San Jose--Cal/OSHA’s criminal investigation into the January 2012 cave-in death of a 36-year-old day laborer in Milpitas has resulted in prison for his employer and project manager. Santa Clara County Superior Court Judge William J. Monahan last Friday sentenced Richard Liu, owner of U.S Sino Investment, and project manager Dan Luo to two years in prison for involuntary manslaughter.
On January 28, 2012, Raul Zapata was installing a concrete foundation for a retaining wall at a residential construction site on Calaveras Ridge Drive in Milpitas. The 12-foot high excavation wall collapsed, burying him alive. He died before rescue workers arrived. The death came three days after a city of Milpitas building inspector issued a stop-work notice to Luo for failure to provide shoring on the excavation.
“California employers must provide workers with the necessary protection and training so they can do their jobs safely,” said Christine Baker, Director of the Department of Relations (DIR). “When our investigations uncover negligent behavior by employers, we exercise our full jurisdiction to protect workers – including referrals to district attorneys for prosecution.” Cal/OSHA is a division in DIR.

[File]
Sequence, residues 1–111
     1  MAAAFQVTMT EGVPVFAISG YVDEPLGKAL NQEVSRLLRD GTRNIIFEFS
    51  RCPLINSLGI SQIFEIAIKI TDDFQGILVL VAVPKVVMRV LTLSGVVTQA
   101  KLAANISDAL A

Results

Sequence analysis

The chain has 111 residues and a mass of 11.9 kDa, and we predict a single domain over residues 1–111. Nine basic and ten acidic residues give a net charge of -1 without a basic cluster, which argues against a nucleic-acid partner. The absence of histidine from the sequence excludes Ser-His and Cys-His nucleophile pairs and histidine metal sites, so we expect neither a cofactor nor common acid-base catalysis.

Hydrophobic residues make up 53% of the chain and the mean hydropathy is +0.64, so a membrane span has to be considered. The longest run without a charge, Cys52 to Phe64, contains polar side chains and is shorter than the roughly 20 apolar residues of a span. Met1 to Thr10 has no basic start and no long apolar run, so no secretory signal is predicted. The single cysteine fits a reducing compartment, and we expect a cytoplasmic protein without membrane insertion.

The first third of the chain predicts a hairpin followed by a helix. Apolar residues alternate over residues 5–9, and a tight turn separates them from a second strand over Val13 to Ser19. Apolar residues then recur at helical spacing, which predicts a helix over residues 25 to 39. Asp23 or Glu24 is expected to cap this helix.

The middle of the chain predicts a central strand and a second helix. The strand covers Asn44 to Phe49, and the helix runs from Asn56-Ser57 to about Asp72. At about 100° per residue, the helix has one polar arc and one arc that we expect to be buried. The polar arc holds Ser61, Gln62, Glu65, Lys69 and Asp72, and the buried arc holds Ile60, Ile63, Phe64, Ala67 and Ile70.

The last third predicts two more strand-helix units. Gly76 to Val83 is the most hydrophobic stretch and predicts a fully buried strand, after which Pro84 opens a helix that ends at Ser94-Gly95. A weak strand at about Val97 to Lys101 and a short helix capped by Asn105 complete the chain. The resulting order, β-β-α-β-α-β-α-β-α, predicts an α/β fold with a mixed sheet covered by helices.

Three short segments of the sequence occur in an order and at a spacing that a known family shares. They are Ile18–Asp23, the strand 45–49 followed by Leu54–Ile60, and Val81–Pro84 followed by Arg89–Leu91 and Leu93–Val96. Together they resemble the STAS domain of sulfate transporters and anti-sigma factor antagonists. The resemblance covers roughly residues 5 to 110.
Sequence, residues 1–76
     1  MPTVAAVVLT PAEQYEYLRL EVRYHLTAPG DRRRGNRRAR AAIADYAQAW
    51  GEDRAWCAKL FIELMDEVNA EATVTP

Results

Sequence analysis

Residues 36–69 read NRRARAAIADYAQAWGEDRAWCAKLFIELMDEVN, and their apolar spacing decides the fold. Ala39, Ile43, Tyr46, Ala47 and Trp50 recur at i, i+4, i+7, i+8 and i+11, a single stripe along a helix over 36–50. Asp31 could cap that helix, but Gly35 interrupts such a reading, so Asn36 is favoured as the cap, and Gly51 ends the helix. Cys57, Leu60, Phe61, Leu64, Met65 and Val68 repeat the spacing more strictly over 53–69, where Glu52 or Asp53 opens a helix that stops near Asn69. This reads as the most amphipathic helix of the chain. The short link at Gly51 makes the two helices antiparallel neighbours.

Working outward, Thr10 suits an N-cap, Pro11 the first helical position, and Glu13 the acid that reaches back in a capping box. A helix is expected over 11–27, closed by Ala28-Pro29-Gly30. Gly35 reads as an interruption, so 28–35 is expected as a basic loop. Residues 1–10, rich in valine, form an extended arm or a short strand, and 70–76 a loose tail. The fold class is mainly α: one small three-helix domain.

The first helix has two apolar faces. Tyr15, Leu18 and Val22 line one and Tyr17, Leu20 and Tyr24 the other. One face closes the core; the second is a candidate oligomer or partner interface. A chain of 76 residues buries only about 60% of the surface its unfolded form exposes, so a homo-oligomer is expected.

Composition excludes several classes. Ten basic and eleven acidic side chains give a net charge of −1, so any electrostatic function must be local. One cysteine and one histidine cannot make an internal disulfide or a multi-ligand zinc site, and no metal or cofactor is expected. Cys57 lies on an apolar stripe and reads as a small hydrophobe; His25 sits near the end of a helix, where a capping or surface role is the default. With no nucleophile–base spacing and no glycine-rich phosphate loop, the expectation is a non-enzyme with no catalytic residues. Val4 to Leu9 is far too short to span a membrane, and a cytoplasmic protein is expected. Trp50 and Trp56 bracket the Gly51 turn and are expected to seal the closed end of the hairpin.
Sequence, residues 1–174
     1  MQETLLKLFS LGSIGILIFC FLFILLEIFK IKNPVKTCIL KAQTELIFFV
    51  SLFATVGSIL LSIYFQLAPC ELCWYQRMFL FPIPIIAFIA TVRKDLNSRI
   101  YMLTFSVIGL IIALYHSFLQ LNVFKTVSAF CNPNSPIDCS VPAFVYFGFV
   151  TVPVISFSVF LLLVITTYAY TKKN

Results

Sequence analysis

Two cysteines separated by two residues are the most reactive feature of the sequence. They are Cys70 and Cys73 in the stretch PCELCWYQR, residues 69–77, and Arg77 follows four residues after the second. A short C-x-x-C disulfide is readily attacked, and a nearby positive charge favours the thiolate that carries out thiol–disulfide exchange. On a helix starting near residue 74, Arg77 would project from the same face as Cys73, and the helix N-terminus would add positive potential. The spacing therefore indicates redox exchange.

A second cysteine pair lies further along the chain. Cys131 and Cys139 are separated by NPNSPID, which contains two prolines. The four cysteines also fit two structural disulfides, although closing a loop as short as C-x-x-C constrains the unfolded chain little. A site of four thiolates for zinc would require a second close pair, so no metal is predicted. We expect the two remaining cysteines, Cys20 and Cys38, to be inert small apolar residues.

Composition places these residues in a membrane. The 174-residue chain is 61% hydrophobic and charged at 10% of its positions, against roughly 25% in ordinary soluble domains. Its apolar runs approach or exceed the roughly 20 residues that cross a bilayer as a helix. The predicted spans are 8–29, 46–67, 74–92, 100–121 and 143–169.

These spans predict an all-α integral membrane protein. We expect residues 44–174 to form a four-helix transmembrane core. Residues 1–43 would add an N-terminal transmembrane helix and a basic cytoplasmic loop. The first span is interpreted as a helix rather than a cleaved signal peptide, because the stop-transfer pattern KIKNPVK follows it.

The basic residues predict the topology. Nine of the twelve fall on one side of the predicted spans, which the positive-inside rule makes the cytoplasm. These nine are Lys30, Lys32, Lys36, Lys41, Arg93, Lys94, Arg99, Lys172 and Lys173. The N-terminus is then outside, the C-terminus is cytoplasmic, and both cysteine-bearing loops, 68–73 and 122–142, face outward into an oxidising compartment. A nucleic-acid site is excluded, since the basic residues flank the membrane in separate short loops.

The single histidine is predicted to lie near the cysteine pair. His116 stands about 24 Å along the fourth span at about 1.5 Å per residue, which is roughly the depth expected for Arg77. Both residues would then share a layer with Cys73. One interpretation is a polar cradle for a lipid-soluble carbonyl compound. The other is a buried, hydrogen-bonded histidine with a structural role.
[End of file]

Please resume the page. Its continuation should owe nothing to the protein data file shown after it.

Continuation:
Cal/OSHA’s investigation determined that at the time of the incident, neither the victim nor other employees were wearing any head protection. Also, the excavation wall had not been shored up as required by law. Furthermore, the employer did not have a competent person for excavation on the jobsite to ensure that the wall was installed according to Cal/OSHA rules. Finally, Cal/OSHA noted that the employer had no workers’ compensation insurance at the time of the incident.
“When preventable deaths occur on the job, employers must be held accountable,” said Cal/OSHA Chief Juliann Sum. “Cal/OSHA worked closely with the Santa Clara District Attorney to ensure that criminal behavior in the workplace is addressed.”
Cal/OSHA’s civil investigation resulted in the issuance of six citations with penalties totaling $168,175 on June 12, 2012, including five citations for serious violations.